The River Singers by Tom Moorhouse
|The River Singers by Tom Moorhouse|
|Category: Confident Readers|
|Reviewer: Anne Thompson|
|Summary: Four young water voles are forced to abandon their home and set off on a dangerous and eventful journey to find a safe place to live. Along the way they encounter many challenges and difficulties as they learn the importance of bravery, loyalty and true friendship. This charming book has a classic feel to it.|
|Buy? Yes||Borrow? Yes|
|Pages: 256||Date: October 2013|
|Publisher: Oxford University Press|
There is a rumour spreading along the length of the Great River. It warns of a new danger that will threaten them all. But for now life continues as normal for Sylvan and his brother and sisters on the riverbank. But sometimes rumours can be true and one dreadful day Sylvan and the others have no choice but to abandon their burrow and go in search of a safe, new home. Together the family of young water voles embark on an epic journey along the river during which they will encounter many dangers and challenges but discover friendship too.
With echoes of The Wind in the Willows by Kenneth Grahame and Watership Down this is a wonderful story with a classic, traditional feel. The writing style is lovely and the descriptions vividly conjure up the animals’ world on the riverbank. The setting in an English countryside, together with the absence of people and the modern world, give this book a timeless quality. In the middle of this rural idyll the reader is thrust into an exciting adventure with the threat of danger ever present. There are some tense and at times scary moments as Sylvan and his siblings battle against a number of enemies and challenges.
As in any story involving a journey the characters develop and mature throughout the book. Sylvan in particular is an endearing character; he starts off adventurous, cheeky and a little impulsive and as events unfold he learns to take responsibility for the others and gains maturity. The author includes both male and female characters and I particularly liked the way in which the girls are equal participants in the adventure and not relegated to the sidelines. The book should appeal to both boys and girls alike. Sylvan’s brother, Orris, is amusing and has slight Eeyore tendencies, being prone to gloom and the occasional lazy moment but even he discovers hidden depths by the end of the book. There are amusing episodes, particularly in the relationships between the young water voles but the author is not afraid to include moments of great sadness, tragedy and death too.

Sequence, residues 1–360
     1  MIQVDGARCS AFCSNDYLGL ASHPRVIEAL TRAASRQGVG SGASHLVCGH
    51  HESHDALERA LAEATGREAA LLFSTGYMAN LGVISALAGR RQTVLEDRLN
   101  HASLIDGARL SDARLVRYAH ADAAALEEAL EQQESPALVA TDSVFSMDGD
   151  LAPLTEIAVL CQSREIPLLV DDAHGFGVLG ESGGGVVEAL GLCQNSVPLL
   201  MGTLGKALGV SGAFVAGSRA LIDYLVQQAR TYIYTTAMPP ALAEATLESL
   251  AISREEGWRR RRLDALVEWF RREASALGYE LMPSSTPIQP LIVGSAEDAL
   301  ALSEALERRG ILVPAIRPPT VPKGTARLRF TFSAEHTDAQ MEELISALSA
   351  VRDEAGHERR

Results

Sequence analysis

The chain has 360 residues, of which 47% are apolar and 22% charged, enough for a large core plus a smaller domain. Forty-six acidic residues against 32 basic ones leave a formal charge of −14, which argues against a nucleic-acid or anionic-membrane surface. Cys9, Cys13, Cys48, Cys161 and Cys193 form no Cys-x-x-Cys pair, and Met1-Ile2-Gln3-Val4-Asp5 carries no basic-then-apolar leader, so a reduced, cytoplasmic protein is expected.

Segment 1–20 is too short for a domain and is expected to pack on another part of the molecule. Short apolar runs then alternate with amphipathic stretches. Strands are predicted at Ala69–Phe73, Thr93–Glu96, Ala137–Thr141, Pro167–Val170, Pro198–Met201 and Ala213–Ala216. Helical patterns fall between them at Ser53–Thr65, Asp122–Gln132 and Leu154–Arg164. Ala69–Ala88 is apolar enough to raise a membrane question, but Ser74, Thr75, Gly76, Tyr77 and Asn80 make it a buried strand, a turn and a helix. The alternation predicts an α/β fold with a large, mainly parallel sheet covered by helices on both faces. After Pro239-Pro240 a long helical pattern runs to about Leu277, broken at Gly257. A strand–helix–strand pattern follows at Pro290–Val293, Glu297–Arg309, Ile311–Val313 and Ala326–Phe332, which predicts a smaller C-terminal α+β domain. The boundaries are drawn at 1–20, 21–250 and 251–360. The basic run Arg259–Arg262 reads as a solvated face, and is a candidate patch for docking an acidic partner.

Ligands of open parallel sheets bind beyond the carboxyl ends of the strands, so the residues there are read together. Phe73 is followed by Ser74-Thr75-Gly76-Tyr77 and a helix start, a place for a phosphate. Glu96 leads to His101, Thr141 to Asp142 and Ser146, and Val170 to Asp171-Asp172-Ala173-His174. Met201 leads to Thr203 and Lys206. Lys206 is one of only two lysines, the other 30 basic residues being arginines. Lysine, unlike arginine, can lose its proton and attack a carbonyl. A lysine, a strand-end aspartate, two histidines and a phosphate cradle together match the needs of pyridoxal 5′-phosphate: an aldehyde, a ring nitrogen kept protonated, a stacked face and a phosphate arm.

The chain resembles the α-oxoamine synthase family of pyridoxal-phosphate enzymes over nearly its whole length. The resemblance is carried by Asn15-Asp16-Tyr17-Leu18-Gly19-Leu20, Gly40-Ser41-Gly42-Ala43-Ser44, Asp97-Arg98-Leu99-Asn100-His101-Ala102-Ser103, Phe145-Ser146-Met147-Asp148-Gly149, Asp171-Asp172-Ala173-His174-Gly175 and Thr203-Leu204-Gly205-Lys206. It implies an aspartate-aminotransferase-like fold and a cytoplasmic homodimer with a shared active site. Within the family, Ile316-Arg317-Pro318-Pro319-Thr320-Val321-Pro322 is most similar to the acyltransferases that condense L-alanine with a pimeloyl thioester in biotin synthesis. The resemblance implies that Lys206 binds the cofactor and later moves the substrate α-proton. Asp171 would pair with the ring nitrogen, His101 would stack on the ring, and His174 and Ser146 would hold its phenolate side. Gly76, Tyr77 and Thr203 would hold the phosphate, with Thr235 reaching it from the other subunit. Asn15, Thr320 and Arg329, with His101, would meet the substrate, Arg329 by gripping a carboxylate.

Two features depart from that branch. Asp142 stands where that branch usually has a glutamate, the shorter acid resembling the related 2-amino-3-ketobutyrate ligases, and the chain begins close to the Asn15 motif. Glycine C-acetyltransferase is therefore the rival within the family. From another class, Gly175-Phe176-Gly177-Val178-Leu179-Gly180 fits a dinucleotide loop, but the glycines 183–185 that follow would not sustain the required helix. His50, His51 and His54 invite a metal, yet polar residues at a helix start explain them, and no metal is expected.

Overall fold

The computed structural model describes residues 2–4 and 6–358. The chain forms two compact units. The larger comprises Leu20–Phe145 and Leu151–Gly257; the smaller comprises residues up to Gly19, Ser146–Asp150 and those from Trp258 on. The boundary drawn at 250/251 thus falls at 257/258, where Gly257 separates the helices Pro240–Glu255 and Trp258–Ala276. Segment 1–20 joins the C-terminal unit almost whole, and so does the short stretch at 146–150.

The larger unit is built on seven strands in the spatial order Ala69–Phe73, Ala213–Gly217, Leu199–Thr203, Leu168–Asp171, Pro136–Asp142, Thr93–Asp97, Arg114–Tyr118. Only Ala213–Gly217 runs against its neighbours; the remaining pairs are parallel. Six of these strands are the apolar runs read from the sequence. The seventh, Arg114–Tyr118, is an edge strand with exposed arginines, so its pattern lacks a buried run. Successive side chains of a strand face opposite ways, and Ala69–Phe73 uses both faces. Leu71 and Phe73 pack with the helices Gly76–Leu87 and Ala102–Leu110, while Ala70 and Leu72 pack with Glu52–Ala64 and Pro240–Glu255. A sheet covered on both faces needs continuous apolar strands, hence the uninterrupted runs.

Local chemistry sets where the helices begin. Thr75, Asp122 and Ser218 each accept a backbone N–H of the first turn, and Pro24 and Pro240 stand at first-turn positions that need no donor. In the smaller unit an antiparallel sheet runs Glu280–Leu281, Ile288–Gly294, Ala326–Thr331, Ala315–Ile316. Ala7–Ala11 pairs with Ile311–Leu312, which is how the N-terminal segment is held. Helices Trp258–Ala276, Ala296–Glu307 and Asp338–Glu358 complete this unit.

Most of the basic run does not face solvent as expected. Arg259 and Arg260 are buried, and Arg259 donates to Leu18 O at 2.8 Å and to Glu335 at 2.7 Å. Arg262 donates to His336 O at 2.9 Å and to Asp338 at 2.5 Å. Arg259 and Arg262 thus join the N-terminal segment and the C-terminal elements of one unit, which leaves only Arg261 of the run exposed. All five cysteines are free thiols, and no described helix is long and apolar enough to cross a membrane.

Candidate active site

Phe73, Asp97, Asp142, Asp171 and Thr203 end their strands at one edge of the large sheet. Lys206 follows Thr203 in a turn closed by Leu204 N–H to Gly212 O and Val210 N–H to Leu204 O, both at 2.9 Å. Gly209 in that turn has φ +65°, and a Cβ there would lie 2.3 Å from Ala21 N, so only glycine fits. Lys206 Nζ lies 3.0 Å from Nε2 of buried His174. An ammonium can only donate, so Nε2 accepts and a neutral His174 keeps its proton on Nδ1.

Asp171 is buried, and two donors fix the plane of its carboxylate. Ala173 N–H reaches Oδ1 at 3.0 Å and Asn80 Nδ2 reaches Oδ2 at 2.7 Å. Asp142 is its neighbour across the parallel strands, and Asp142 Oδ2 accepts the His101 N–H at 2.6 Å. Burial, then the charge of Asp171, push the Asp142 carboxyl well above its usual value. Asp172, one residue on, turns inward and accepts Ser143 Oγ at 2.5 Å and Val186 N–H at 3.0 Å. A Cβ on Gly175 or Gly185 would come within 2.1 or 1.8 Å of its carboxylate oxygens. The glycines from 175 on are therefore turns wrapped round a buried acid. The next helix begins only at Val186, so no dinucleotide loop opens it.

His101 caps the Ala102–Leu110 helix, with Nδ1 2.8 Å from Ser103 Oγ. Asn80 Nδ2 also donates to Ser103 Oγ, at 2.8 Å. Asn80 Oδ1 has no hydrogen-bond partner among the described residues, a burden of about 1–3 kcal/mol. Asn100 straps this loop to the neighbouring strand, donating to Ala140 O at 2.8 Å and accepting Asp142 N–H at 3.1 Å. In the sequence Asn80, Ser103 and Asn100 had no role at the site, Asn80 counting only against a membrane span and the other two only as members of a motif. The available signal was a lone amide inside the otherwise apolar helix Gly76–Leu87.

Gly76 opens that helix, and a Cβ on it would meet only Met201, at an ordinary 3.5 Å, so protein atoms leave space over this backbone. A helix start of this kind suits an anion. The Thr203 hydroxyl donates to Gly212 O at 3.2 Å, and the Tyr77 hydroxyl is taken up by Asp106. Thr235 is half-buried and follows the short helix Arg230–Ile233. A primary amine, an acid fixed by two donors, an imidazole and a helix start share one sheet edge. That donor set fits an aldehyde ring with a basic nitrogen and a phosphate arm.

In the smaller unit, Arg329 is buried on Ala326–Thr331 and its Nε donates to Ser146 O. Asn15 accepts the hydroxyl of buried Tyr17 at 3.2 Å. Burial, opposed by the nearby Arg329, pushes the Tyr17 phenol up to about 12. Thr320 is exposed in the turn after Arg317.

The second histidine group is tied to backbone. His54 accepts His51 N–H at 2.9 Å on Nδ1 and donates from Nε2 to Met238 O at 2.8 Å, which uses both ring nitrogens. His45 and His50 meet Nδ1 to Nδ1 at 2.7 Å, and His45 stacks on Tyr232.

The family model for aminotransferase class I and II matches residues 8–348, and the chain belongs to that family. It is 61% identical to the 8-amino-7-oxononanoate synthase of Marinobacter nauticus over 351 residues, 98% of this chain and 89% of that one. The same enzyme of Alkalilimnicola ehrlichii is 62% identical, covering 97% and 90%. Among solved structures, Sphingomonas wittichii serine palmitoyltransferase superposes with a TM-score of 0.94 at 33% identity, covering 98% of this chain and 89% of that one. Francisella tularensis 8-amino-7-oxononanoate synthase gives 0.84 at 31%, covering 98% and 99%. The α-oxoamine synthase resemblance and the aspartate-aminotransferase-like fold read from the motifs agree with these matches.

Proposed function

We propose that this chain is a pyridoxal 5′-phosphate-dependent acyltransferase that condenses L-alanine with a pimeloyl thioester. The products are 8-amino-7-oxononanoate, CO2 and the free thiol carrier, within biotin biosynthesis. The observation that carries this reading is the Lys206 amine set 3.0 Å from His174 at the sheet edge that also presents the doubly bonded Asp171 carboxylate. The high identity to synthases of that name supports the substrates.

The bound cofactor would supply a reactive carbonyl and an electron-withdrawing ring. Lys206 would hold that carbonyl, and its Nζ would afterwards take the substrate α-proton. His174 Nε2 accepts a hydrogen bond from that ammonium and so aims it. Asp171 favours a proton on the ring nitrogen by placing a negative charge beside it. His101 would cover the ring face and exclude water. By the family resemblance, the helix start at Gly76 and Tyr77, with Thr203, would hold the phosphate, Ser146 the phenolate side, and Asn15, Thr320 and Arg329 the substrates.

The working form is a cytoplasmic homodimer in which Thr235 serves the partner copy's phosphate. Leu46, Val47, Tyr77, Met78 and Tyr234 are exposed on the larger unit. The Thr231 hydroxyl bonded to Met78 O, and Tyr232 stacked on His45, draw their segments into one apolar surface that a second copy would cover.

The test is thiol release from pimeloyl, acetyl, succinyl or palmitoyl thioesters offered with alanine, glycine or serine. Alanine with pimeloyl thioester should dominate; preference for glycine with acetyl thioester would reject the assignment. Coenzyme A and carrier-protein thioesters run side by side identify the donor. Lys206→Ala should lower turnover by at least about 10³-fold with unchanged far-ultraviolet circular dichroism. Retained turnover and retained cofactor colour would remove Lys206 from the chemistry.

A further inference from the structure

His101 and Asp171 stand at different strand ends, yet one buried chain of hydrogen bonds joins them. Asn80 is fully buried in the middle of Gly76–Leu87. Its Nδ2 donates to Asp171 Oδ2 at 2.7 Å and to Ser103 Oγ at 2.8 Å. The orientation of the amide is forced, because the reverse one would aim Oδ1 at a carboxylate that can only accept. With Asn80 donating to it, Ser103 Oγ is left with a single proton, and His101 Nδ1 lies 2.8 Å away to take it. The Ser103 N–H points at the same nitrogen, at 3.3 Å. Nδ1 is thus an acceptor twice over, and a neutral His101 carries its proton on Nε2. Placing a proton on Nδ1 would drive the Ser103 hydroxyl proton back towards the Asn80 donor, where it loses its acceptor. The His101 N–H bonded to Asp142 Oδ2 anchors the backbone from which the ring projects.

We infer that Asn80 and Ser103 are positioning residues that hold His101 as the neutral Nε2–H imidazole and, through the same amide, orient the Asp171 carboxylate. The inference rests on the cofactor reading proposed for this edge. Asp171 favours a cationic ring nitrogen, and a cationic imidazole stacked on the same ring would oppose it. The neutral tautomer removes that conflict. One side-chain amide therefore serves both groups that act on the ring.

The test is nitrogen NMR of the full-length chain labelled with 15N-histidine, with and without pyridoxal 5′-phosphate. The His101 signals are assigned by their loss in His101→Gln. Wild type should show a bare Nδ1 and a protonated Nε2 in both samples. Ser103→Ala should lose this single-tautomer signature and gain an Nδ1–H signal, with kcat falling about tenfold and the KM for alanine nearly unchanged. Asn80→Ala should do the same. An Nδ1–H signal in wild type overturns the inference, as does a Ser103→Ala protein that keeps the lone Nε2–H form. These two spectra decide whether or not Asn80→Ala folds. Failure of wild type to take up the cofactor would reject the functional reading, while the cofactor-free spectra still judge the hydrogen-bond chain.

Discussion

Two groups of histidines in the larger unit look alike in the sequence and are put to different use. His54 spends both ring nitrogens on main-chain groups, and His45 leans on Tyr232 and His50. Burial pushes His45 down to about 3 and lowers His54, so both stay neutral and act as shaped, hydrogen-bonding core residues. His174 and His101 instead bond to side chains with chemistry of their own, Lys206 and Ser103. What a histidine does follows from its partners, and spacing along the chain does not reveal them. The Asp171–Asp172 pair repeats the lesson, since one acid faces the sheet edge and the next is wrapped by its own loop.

Over the course of their journey the family meet other animals, some friendly and others less so, but it is Fodur, a rat, who is to make the biggest impact on them. At first suspicious of him because they are unfamiliar with rats and their different language, Sylvan, Orris, Fern and Aven gradually learn to trust him and Fodur and Sylvan in particular forge an unlikely bond. As they progress into unknown territory the animals feel alien and afraid and are sometimes made welcome but often treated with suspicion. This has parallels in our world and this is useful for demonstrating to children the importance of not judging by appearances or stereotypes. There are some thought provoking passages describing the Great River as a supreme force in the animals’ lives, sometimes benevolent and protective and at other times testing them.
It would be a mistake to dismiss this enjoyable book as a story about water voles as it works on so many levels. Children frequently love stories about animals having adventures and find it easy to recognise characters and situations in them and a search for home is something that we can all identify with. The writing style would stretch young readers without deterring them and I think that this book would work beautifully read aloud too.
Many important themes such as trust, facing challenges and finding friendship in unlikely places are covered in this charming story but first and foremost it is a wonderful, exciting adventure with appealing characters that you grow to care about. An utterly lovely book and highly recommended.
The Miraculous Journey of Edward Tulane by Kate DiCamillo and Bagram Ibatoulline is another wonderful story about a journey although this time involving a china toy rabbit rather than an animal. Slightly older children may like to try the much loved classic Watership Down by Richard Adams.
You can read more book reviews or buy The River Singers by Tom Moorhouse at Amazon.co.uk.
You can read more book reviews or buy The River Singers by Tom Moorhouse at Amazon.com.
The River Singers by Tom Moorhouse is in the Top Ten Books for Confident Readers 2013.
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